Conservative economists seem concerned about the changes taking place within Venezuela’s state-run oil company, PDVSA. They argue that Venezuela’s decreased oil production is proof of its inefficient and wasteful practices. They say that oil companies should do what they do best — find and produce oil; that government involvement only leads to nepotism, patronage and bureaucracy; that political loyalists are in charge rather than experts; and that PDVSA’s contributions to social projects, like the education, health care and food “missions” set up by the Chavez administration, should be redirected into maintaining current wells, drilling new ones, and developing technology to increase production.
For example, the scribes at the Wall Street Journal (WSJ) recently wrote: “Since Mr. Chavez took power in 1999, he has become PDVSA’s de facto CEO, steering the oil company into political, economic and philanthropic ventures that have distracted it from its core business of finding and producing more oil.” As a result, they say, “output has fallen to an estimated 1.6 million barrels a day from nearly 3 million barrels in 1998.”
However, by claiming that “political, economic and philanthropic ventures” somehow distract PDVSA from its “core” business, and that this distraction has caused the oil giant’s output to fall, the WSJ misrepresents reality, at least Venezuela’s socialist reality.
Let’s look at these assumptions and see if they hold up. First, if PDVSA were in a capitalist country its “core” business would be “finding and producing more oil” as a means of increasing profits. However, since it is in Venezuela, where the “core” business is building 21st century socialism, PDVSA’s priorities are different from those of its capitalist counterparts. This is where part of the WSJ’s concern comes from.
In socialism, maximizing profits isn’t the priority. Investing in human capital is, which is why PDVSA is funding education, health care and food “missions.”
In fact, with government guidance, PDVSA spends at least 10 percent of its annual investment budget on social programs worth about $1 billion a year. It also subsidizes construction projects, including building and repairing roads, and gives other types of economic aid to the society as a whole. This totaled about $8 billion last year alone.
While PDVSA’s investment in social missions and infrastructure building can’t be measured by traditional profit margins, that doesn’t mean that PDVSA isn’t profitable in the traditional sense. In fact, from 2004 to 2005 it increased profits by over 50 percent and earned $10.1 billion, up from $6.7 billion. The WSJ doesn’t have a problem with PDVSA’s profitability. But it has a major problem with how PDVSA’s profits are distributed. Instead of distracting PDVSA from its “core” business, Venezuela’s president has redefined PDVSA’s priorities within the boundaries of a new social reality, the building of socialism. This is what really concerns the WSJ.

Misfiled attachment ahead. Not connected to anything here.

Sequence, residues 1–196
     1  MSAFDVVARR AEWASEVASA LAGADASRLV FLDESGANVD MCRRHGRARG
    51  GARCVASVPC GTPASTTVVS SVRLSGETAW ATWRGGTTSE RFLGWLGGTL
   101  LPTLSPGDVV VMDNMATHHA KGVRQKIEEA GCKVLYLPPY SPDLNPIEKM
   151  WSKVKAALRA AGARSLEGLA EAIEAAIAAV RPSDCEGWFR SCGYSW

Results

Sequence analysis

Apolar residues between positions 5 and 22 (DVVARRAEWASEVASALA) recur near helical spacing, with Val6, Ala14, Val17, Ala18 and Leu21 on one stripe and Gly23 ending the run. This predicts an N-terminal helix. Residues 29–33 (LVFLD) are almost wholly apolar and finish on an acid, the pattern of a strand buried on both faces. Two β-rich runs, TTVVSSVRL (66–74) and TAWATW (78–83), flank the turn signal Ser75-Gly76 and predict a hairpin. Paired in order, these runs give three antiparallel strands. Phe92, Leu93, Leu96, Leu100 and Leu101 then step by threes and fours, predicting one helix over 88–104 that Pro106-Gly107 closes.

The second assumption made by the WSJ is a little complicated. They claim that output has fallen by almost half to 1.6 million barrels a day (MBD) since Chavez was elected president. PDVSA’s social spending “gives the company less time and money to devote to its oil business,” the WSJ complains. “It spent just $60 million on exploration in 2004, compared with $174 million in 2001.” So according to the WSJ, PDVSA is spending less on investment, maintenance and repair, and this is why production has decreased.
PDVSA, on the other hand, puts its actual daily output at 2.2 MBD, with 1.5 MBD going to the U.S. So Venezuela’s oil production has declined some, but not as much as the WSJ would have us believe.
PDVSA is the world’s third largest oil company, and oversees the extraction of the biggest oil reserve outside of the Middle East. It says that production has remained steady since 2004. It says production will reach 4 MBD by 2012. However, it says, increased production has to be connected to social welfare.
According to the WSJ, PDVSA’s “ ambivalence about boosting oil production is seen in the shallow waters of the remote Gulf of Paria,” where the U.S. oil giant Conoco Phillips discovered the Corocoro oil field. As Conoco was about to transport a U.S.-made drilling platform to the area in 2004, PDVSA refused and insisted that the company use a Venezuelan platform. “Nowhere else in the world do you have a field with 500 million barrels that just sits there,” said the WSJ.
But that’s the point. National sovereignty and the development of Venezuela’s infrastructure isn’t in Conoco Phillips’ or the WSJ’s interests, nor the class that they represent. While the Venezuelan people are willing to sacrifice some short-term gains (by using Venezuelan-made platforms, for example) for long-term self-sufficiency, that has nothing to do with the amount of money PDVSA spends on the social missions. So while the WSJ may be concerned, it’s not for the reasons they indicate. And, while production is down, that also isn’t for the reasons they indicate.
Venezuela is moving along the path of socialism. This path is the path of national sovereignty, not imperialist dependency. The Venezuelan government should not be criticized for building its infrastructure. Building socialism while remaining dependent on imperialism is a contradiction. But the WSJ isn’t one to highlight such contradictions.
Tony Pecinovsky (firstname.lastname@example.org) is the district staff person for the Communist Party in Missouri and Kansas.